What If?

>I’ve been doing a lot of radio interviews lately around the topic of drug abuse and attempted suicide, spurred by a recent CDC study on increased suicide rates among teenagers (up 8% after a 22% decline) and the ever-present stores about Heath Ledger, Britney Spears, Lindsay Lohan and other famous people who seem unable to manage their successes and their fame, not to mention their lives.
    I’m some what of an “expert” on the topic of attempted suicide, having attempted it at age 23.
    While I’ve written about that previously, I was asked an interesting question today while being interviewed by Shelley Duffy of KDKA in Pittsburgh. Shelley asked me if I believed that I would have the same views about life that I have today had I not attempted suicide and survived it. My reply was that it’s a hypothetical question that I can never know the answer to. However, I continued by saying that I am eternally grateful for having survived it because every experience we have, and the meaning we bring to it, builds upon the others to shape us into Who We Are and how we approach life.
    As the day wore on, I kept going back to Shelley’s question. I began to think how often I hear people say they “regret” something they said or did and how often people want to forget the painful and difficulty of those times gone by. To the contrary, those times and experiences are the high octane fuel that drives us to new and exciting destinations along the Road of Life. Far from regretting them, we should embrace them and, when helpful, be willing to share them with others. For every experience, and it’s lesson learned, can become a guiding light to others in ways unimagined.
    For many years I did not speak publicly about my attempt. Then, recently, I spoke to 500 students at an area high school. It was very rewarding, as many students came and shared their feelings and expressed their gratitude after each class presentation.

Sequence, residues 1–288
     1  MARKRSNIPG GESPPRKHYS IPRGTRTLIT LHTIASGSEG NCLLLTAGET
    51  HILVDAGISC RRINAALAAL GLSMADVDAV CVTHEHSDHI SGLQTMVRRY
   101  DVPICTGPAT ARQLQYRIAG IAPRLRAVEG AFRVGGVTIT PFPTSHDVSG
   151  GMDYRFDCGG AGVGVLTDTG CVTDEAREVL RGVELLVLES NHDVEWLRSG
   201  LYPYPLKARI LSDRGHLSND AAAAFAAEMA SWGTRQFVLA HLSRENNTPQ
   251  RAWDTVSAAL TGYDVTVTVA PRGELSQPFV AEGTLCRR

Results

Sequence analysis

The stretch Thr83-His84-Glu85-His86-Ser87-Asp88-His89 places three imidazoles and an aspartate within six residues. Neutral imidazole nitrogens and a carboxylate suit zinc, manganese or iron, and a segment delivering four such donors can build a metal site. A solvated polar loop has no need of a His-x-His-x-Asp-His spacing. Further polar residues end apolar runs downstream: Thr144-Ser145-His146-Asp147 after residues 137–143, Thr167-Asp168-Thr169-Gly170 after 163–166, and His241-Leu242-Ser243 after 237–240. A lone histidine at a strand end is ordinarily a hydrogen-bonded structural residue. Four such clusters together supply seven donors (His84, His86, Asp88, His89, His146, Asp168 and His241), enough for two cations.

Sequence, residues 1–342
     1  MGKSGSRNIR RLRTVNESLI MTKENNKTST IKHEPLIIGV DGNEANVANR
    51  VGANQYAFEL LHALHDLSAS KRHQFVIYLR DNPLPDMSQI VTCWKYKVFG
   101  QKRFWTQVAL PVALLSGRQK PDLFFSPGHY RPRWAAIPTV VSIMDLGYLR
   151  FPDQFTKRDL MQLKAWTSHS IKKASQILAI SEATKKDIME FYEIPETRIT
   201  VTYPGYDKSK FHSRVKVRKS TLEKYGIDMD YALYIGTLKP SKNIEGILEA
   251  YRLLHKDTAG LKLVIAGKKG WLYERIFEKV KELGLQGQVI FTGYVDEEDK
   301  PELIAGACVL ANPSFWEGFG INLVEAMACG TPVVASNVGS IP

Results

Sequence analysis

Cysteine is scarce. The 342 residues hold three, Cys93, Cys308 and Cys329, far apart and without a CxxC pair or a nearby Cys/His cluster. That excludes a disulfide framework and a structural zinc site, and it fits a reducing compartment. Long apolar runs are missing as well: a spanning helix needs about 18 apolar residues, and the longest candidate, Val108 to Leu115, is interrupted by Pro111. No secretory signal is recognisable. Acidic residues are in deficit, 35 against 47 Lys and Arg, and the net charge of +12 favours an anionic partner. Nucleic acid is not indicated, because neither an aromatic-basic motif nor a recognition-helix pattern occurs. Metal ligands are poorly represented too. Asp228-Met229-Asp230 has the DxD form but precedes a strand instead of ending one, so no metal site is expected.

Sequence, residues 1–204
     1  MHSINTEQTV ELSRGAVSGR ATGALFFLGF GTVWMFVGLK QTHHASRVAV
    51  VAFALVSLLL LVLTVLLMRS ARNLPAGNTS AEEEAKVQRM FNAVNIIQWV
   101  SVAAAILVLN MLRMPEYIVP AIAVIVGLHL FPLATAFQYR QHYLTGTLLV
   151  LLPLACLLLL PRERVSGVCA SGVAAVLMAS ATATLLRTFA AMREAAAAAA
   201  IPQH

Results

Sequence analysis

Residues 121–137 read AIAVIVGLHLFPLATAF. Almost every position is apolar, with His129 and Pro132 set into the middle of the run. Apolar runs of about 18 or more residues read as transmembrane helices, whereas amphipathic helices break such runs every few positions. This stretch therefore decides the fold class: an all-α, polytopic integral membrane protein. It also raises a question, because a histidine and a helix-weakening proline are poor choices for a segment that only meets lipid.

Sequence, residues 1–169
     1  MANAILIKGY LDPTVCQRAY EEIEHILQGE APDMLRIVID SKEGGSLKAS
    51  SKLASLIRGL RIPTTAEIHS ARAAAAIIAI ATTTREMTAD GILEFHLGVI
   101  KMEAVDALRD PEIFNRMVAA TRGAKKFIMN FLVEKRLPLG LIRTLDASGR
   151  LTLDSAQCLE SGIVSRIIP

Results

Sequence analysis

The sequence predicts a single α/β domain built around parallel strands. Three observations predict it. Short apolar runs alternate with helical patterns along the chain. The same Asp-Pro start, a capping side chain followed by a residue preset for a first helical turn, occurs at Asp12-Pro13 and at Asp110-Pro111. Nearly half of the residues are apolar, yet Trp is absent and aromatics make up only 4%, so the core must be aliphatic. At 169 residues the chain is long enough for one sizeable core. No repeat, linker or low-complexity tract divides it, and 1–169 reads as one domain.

Then, a few nights ago, I was at the school again because my daughter was performing in the school play. As I was helping set up the refreshments for sale at intermission, two girls walked over to me and said, “Did you speak to us recently?” I had to stop and think for a moment for they caught me off guard. Then I said, “Are you sophomores?” When they replied that they were, I said, “Yes, I did speak to your class about a month ago.” The two of them then shared how they were inspired by my story and each thanked me for the courage to speak up. We exchanged a few more words and then went on our respective ways.
    From a purely selfish viewpoint, I cannot tell you how gratifying that encounter was. Here it was weeks after the presentation and they not only remembered me but needed to share how it had impacted them. From a more altruistic viewpoint, I am humbled by the many twists and turns my life has taken, some smooth…others rocky and painful…but all combined to bring me Here and Now where I can be of service by providing hope where it may be sorely, and temporarily, lacking.
    So, what if I had never attempted suicide?
    I’ll never know that answer and I don’t need to. I did attempt it and I did survive it. The meaning I bring to that experience is all that matters. For me, the meaning is that there are no accidents, there is purpose in everything, we need the patience to let that purpose unfold and when it does, to bravely step up and assume the role we were born to fulfill.
    No “what ifs” ands or buts.
P.S.   Remember to click here to download my FREE e-book “TOO MANY SECRETS”

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